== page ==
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Five Things You Didn’t Know About Test Security at ETS
attached file : e Newsletter AAPBS_Template 2022 October ETS GRE.docx

Five Things You Didn’t Know About Test Security at ETS

Maintaining the security of our assessments at ETS has been a decades-long endeavor. As testing has moved from paper and pencil to computer based, and from test center to at home, the transformation of the testing industry has been profound. With this evolution comes the need to envision security in new and different ways and that we are continuously doing everything necessary, and then some, to stay ahead of those who attempt to cheat and harm the integrity of our tests.

As complex as the test security field can be, here are five things you may not know (but should) about test security at ETS:

ETS’s Office of Testing Integrity (OTI) has been combatting test fraud and cheating for over 64 years.

In coordination with highly trained proctors, AI technologies and data analysis, the team works to analyze scores and testing sessions that are suspected of having been earned or conducted unfairly and, as a result, cancel test scores, should evidence warrant doing so.

ETS has invested billions of dollars over the last 6 decades in test security and technology infrastructure to combat cheating.




We are investing to further our technological capabilities and improve test security measures to catch even the most minute forms of cheating. These capabilities and improvements include but are certainly not limited to: continued remote access software (RAS) prevention using ETS proprietary expertise and capabilities; enhancing machine learning models to continue to detect dishonest test-taking behaviors; the development of new and refinement of existing statistical evaluation models; and continued research on new item types and assessment design approaches.

ETS can, and does, cancel test scores — even after they are released to test takers and institutions.

When ETS has evidence that a test taker’s scores may have been earned unfairly — a violation of our testing policy — OTI can hold scores from being released to further evaluate the testing session and score earned to determine whether those scores should be canceled.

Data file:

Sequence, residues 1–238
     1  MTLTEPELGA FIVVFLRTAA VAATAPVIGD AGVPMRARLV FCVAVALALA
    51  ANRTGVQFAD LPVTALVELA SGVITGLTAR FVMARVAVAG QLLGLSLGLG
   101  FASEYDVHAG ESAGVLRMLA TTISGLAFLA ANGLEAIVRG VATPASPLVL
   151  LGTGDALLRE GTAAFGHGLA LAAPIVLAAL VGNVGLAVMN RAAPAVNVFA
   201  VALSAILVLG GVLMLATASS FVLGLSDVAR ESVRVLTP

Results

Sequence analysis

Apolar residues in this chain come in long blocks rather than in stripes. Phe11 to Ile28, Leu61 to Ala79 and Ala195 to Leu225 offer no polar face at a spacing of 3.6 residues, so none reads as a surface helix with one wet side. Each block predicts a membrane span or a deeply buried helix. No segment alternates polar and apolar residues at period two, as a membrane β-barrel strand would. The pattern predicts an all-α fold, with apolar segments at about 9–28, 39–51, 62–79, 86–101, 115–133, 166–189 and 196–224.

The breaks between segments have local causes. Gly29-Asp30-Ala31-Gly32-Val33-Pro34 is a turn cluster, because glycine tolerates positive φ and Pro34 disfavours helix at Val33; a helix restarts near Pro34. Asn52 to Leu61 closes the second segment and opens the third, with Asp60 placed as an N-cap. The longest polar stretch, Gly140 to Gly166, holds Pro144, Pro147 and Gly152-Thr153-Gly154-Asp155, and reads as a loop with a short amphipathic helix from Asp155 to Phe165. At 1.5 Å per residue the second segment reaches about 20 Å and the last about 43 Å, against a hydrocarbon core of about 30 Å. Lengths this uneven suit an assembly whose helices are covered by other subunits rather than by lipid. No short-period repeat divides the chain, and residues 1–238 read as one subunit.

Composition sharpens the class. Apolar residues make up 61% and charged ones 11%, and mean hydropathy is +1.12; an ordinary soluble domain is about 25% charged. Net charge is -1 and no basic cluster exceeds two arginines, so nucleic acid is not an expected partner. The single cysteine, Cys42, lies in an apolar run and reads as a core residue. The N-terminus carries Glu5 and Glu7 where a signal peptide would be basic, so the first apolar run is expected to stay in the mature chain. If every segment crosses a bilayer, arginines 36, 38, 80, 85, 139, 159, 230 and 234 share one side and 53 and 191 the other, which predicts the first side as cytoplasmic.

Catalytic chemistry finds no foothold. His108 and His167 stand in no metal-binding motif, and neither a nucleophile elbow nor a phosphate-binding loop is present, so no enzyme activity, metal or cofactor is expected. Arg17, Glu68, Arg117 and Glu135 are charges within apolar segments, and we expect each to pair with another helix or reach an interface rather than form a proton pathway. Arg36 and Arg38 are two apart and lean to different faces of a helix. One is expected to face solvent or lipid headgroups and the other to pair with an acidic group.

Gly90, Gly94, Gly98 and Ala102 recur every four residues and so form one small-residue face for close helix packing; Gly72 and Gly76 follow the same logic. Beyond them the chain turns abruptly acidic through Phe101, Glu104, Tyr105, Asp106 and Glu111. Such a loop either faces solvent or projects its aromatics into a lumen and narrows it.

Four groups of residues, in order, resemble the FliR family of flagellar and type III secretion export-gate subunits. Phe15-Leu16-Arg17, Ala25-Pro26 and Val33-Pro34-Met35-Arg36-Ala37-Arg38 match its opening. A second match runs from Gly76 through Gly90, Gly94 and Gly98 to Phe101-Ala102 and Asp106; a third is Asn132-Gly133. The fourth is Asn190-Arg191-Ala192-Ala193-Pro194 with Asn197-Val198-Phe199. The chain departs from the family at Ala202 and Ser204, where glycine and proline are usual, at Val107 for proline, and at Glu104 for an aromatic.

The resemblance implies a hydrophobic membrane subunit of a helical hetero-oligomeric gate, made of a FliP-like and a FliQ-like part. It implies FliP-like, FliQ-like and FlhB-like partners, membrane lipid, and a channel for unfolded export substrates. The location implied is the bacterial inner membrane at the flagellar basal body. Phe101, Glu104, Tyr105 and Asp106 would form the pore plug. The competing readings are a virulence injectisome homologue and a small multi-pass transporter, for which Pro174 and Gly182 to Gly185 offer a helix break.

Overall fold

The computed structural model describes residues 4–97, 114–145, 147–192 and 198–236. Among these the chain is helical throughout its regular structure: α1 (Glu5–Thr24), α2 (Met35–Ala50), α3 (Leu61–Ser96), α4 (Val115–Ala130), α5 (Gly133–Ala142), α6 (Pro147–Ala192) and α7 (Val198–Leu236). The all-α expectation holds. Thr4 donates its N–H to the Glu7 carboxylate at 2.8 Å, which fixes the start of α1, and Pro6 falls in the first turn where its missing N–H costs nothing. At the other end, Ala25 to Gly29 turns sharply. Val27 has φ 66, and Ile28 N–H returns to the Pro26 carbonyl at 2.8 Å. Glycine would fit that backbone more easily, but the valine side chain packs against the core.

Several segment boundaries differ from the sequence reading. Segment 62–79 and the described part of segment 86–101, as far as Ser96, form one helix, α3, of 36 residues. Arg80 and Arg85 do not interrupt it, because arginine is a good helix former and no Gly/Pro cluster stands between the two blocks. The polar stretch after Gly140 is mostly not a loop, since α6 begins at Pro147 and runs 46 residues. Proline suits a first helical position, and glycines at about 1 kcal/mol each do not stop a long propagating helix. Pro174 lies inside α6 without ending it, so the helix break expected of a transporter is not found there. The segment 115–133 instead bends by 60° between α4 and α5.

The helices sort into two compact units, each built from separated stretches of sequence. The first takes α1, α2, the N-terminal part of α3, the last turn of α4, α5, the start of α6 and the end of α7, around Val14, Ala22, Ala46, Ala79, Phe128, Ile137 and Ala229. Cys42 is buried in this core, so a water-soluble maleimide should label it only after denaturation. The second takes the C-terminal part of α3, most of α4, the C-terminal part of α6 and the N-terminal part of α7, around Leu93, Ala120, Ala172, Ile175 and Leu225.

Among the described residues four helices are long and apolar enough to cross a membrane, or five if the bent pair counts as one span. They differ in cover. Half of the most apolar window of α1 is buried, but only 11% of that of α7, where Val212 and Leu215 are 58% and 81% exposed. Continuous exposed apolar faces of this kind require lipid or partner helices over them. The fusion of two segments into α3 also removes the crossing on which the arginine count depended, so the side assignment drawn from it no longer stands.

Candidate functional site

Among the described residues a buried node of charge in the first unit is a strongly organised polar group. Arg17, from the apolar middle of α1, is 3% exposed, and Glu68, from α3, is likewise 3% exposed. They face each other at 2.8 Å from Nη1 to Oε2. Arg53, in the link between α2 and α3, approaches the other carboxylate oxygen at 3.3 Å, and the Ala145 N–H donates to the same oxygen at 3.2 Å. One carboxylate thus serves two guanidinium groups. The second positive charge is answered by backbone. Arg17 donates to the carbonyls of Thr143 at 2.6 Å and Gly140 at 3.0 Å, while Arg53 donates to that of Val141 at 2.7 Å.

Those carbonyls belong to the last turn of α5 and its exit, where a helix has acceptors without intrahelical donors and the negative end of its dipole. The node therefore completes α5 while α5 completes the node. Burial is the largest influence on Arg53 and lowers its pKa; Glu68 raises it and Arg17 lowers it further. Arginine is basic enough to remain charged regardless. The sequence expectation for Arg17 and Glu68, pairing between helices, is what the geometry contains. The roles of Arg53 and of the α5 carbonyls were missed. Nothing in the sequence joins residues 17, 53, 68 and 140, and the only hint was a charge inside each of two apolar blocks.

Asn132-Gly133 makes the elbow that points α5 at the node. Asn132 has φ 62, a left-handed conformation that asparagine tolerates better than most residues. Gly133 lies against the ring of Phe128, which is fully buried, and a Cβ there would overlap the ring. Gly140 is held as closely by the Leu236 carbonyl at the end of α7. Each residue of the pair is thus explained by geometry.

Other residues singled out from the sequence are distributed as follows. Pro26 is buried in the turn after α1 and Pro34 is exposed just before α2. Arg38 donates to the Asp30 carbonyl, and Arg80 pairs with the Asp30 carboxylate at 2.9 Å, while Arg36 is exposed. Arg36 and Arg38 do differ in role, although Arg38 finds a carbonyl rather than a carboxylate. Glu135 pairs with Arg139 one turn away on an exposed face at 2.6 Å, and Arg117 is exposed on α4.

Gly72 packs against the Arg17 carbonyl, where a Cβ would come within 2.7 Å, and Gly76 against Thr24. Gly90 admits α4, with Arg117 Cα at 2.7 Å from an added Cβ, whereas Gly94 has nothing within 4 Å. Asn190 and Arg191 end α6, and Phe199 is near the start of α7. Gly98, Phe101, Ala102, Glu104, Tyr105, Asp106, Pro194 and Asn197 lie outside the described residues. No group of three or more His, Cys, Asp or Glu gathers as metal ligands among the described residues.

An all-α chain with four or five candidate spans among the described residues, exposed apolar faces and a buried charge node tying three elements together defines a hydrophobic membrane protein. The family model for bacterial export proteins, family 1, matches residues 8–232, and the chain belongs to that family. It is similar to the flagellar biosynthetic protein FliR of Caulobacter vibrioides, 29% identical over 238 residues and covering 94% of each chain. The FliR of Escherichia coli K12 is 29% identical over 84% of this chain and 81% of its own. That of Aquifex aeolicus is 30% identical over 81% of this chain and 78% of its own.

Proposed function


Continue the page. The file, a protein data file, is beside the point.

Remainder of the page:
Cheating on standardized assessments is not unique to ETS.

Cheating is an industrywide issue which has been spotlighted by the boom of the remote testing industry over the last 2 years. Although it is not frequently discussed within the education sector, we owe it to our stakeholders to keep them informed of what we are seeing, how we are addressing concerns and our plans for the future. Unreliable scores have implications for unprepared students who cannot meet the rigor of higher education programs and in turn have negative impacts on hard-earned institutional reputations.

At home assessments have contributed to an increase in cheating attempts among test takers.

With the new delivery model of at home testing, ETS has seen a more than 200% increase in score cancellations across both TOEFL® and GRE® test administrations combined in our second year of at home testing (FY21) compared to the first year (FY20). Although this increase has occurred, this does not mean we have waned in our vigilance. In fact, quite the opposite is true, which is evidenced by our ability to identify fraudulent activity and cancel scores after thorough analysis and investigations have taken place. While there are more attempts at cheating, by default, more scores are being cancelled.

By Ray Nicosia a Principal, Test Security in the Office of Testing Integrity at ETS.


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